November 19, 1864 was a critical day for Maj0r-General William T. Sherman and his March to the Sea. The Left Wing of his force was past the Ocmulgee River crossings. But his Right Wing, under Major-General O.O. Howard was delayed in crossing at Planters’ Factory. The plan of the march depended upon rapid movements. But a few hundred feet of river presented more resistance to movement than the entire Confederate presence in the state.
To the north, on the Left Wing, the Twentieth Corps divided it’s march after leaving Madison. The 1st Division, under Brigadier-General John Geary moved along the Georgia Railroad to Buckhead Station and beyond to a long bridge over the Oconee River. “The railroad bridge, which was a fine structure, about 400 yards long and 60 feet high from the water, and was approached by several hundred yards of trestle-work at each end, was thoroughly destroyed.” A modern equivalent of that bridge crosses what is today Oconee Lake (created by a dam further downstream). In addition, Geary’s men destroyed over 500 bales of cotton, 50,000 bushels of corn, several cotton gins, and five miles of railroad.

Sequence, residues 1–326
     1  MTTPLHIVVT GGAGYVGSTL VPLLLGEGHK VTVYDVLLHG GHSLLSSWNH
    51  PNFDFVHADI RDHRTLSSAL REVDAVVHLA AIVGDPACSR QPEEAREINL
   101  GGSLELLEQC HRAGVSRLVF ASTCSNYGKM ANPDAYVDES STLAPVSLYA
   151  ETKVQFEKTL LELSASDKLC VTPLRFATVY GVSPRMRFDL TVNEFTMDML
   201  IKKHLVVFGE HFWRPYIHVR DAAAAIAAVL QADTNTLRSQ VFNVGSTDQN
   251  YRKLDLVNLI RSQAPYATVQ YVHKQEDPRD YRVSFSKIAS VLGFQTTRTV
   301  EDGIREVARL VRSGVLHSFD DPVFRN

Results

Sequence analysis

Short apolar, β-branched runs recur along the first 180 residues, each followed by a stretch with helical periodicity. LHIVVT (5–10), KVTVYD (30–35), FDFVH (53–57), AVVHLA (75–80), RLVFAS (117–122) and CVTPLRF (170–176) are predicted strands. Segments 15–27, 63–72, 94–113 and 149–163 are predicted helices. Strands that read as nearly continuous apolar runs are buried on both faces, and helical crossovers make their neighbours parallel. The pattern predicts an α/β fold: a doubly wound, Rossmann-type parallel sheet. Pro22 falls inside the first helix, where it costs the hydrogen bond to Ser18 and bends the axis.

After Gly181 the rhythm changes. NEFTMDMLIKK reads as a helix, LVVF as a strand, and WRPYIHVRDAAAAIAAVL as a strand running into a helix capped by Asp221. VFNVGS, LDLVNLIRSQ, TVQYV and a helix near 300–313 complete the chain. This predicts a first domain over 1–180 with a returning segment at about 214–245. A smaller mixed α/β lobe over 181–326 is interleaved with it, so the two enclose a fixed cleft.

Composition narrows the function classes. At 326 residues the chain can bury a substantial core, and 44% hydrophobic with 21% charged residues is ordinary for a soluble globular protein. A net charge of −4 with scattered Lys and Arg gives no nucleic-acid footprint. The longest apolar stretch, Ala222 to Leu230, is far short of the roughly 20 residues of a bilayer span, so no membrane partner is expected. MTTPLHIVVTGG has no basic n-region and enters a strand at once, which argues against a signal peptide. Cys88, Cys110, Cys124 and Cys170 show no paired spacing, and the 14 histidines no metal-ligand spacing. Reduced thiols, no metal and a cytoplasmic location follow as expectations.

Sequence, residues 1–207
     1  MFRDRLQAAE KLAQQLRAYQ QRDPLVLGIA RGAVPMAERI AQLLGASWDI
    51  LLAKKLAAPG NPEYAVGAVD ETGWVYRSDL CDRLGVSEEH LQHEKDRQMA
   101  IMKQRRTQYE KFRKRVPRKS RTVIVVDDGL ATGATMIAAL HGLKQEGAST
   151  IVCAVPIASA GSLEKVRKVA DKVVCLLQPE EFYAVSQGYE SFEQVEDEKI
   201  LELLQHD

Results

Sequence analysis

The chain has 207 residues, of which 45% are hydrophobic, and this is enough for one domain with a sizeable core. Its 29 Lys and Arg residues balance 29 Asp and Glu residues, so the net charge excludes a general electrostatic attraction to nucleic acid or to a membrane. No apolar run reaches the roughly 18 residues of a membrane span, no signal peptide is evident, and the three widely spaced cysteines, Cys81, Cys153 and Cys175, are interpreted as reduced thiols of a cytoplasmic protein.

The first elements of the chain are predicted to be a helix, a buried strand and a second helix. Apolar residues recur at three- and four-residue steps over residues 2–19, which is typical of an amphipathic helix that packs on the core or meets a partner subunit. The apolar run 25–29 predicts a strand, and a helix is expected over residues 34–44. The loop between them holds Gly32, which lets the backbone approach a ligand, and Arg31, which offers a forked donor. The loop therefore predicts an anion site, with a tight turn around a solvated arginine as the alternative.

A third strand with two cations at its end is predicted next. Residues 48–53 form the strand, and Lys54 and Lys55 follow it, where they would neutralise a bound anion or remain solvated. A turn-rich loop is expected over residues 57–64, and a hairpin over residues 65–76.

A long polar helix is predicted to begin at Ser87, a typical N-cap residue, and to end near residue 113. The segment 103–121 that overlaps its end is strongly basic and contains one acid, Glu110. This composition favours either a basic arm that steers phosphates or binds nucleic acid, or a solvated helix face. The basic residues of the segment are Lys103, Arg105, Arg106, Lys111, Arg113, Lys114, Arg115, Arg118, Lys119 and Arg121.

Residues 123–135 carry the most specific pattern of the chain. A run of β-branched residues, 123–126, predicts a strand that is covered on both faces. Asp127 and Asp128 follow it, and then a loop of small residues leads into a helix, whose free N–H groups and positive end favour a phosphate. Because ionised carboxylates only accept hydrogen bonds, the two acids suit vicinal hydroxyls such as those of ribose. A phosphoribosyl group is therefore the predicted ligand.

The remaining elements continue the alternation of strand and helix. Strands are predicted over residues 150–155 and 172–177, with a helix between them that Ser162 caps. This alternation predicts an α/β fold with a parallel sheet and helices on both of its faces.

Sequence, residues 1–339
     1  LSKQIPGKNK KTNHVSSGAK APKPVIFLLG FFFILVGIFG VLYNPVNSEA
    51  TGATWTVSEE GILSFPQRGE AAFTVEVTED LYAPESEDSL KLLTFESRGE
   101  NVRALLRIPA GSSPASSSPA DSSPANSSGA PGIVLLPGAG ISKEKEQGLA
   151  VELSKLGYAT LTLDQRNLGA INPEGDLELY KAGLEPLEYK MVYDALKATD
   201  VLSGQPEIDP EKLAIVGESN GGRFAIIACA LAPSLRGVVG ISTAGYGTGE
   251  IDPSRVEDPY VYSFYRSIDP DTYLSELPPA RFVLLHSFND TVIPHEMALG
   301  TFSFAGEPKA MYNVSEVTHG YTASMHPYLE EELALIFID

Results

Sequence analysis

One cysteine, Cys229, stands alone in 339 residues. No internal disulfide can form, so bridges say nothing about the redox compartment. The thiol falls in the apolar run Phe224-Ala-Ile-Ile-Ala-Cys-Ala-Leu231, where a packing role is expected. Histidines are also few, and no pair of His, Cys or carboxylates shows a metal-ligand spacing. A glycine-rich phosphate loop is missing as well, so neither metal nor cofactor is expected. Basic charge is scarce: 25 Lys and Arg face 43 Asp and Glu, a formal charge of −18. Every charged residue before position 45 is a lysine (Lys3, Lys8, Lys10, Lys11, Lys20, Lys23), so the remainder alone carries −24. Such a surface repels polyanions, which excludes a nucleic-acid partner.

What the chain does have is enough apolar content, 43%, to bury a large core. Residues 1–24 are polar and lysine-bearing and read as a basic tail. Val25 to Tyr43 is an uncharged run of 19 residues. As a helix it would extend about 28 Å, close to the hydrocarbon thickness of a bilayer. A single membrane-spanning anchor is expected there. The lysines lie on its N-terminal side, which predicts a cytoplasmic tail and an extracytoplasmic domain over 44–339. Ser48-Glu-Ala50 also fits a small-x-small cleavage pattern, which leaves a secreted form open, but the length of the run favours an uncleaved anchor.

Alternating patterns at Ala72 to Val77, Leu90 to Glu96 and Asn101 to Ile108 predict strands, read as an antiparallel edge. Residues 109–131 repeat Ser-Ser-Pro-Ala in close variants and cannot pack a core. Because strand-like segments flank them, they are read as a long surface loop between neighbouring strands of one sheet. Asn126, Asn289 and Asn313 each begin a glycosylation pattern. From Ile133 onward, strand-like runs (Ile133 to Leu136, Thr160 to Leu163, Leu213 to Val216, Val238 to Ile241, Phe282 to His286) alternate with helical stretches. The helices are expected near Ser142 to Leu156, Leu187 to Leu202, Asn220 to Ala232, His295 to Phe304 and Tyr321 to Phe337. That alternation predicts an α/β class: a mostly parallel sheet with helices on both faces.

The remainder of Twentieth Corps passed through Madison with much fanfare and marched southeast towards, but not reaching, Eatonton. The Fourteenth Corps marched hard from Covington to reach Shady Dale. All formations on the Left Wing put a lot of miles behind on November 19th.
But for the Right Wing, the day was a continuation of the 18th’s river crossing. Most of the Seventeenth Corps was across the river, though their rear guard and trains had not. Only one division of the Fifteenth Corps was across the Ocmulgee. And Brigadier-General H. Judson Kilpatrick’s cavalry division was on the west side. To bounce the Ocmulgee, Howard’s wing needed an early start and all of the day.
Kilpatrick’s cavalry was first in the order to cross, beginning in the early morning darkness. To ease the traffic on the pontoon bridges, Brigadier-General William Hazen’s Second Division of the Fifteenth Corps would cross at nearby Roach’s Ferry. In closing his orders for the day, Howard added: